Exam 3 Review: Chapter 09: Smooth and Cardiac Muscle
smooth muscle tissue = nonstriated muscle tissue - The muscle tissue characterized by the absence of transverse stripes or a banding pattern observed in microscopy, due to the diffuse network arrangement of the contractile proteins, actin and myosin, which are not organized into myofibrils; the cytoplasm also lacks the T tubule system and the connective tissue around this muscle tissue never unites to form tendons or aponeuroses; the spindle-shaped, uninucleate, involuntary contractile cells controlled by the autonomic nervous system; it may be autorhythmic; it is the muscle type found in the walls of tubular internal organs, in the iris of the eye, in the arrector pili muscles, uterus, etc.
dense body - The dark-staining cell organelles (peripheral proteins) within smooth muscle cells which are attached to the sarcolemma, internally to the thin (actin + myosin) intermediate filaments which move these structures during contraction, and, externally to surrounding endomysium.
intermediate filaments - One of three types of cytoskeletal elements (the other two are thin filaments (actin) and microtubules); frequently the three components work together to enhance both structural integrity, cell shape, and cell and organelle motility; intermediate filaments are stable, durable, intermediate in size compared with thin filaments and microtubules; they are prominent in cells that withstand mechanical stress.
cardiac muscle tissue - The specialized involuntary, striated, uninucleate, contractile tissue of the heart; comprising the myocardium in which the uninucleate cells are connected to each other by intercalated discs; autorhythmic.
autorhythmicity - A property of cardiac muscle cells (and some smooth muscle cells); the ability to depolarize and contract at a set rate on their own with no outside stimulus or regulation necessary. aka automaticity.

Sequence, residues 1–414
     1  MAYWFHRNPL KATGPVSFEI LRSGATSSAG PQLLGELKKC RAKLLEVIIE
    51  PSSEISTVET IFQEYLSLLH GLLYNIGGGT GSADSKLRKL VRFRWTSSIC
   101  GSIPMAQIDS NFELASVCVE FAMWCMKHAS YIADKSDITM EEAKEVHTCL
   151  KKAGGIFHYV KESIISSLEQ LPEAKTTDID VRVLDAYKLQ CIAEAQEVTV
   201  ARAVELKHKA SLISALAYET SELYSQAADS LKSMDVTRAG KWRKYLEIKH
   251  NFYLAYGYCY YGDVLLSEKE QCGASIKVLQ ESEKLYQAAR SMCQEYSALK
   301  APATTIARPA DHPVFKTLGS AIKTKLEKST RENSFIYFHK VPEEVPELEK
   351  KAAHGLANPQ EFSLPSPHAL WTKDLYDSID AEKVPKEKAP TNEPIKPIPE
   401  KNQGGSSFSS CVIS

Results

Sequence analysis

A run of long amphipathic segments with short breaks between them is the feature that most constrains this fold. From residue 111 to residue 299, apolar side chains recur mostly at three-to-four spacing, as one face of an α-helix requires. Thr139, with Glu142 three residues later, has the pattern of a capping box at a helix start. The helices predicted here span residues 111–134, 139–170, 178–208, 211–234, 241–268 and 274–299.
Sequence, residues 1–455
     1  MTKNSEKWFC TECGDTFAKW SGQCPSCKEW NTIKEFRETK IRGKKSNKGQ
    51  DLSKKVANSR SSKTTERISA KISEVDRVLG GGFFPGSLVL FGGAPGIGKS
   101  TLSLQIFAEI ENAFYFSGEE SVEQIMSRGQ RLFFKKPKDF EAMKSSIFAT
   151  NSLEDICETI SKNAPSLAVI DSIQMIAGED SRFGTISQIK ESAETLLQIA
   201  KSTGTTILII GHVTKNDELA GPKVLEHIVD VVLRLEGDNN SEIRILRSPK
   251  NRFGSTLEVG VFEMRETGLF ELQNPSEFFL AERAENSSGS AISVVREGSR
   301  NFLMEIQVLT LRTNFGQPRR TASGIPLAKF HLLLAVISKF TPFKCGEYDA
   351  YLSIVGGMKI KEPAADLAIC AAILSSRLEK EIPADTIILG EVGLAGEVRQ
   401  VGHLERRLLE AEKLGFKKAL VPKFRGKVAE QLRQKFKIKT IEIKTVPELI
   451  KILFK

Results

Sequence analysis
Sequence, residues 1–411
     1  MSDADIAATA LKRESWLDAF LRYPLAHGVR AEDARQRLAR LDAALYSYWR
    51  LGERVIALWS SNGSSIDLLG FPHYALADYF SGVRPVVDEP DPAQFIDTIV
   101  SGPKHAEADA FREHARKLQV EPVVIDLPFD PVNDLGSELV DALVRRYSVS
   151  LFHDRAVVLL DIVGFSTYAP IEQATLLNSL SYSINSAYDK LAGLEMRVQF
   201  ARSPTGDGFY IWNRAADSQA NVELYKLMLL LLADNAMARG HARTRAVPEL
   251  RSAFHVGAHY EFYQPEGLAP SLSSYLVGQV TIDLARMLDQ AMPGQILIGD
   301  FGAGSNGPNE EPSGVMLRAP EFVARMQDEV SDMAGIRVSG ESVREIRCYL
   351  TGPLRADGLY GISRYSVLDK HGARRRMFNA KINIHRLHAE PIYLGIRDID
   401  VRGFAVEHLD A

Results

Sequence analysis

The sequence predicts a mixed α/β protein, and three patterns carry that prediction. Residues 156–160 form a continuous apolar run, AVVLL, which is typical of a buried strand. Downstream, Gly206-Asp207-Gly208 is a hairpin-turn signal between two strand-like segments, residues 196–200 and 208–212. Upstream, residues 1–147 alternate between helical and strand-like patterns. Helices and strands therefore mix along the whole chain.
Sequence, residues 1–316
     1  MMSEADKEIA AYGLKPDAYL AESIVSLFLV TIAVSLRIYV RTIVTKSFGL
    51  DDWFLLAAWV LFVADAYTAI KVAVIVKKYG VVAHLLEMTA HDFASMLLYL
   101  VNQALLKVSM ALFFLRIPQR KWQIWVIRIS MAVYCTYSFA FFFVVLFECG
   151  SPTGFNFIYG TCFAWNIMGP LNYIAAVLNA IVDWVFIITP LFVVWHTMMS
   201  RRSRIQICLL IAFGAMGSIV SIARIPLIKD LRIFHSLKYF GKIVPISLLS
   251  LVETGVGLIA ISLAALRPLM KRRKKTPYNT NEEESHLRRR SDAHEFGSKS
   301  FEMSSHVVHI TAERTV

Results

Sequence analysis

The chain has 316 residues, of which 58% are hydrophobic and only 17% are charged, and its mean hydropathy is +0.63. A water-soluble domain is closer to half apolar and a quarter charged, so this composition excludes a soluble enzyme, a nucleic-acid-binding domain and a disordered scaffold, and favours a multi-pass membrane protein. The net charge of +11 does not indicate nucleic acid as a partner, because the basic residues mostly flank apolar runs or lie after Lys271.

intercalated disc- The specialized intercellular junction between individual cardiac muscle cells which appears as a dark line in microscopic specimens; at the molecular level it contains both electrical synapses provided by gap junctions and structural connections provided by desmosomes and tight junctions.
gap junction - An intercellular junction which consists of a network of integral membrane protein channels called connexons which facilitate the cell-to-cell passage of small molecules, e.g., ions, small second messengers, etc., because these junctions are relatively non-selective in their permeability, i.e., they provide direct cytoplasmic connections; they are common in cardiac muscle and in some smooth muscle tissues.
desmosome - The specialized cell junction which links two cells by tying their outer cell membranes together with a tuft of intermediate filaments = tonofilaments embedded in a mass of dense anchoring material; desmosomes are particularly prevalent in tissues such as the epidermis and myocardium which have to withstand mechanical stress; nicknamed the "spot weld" junction.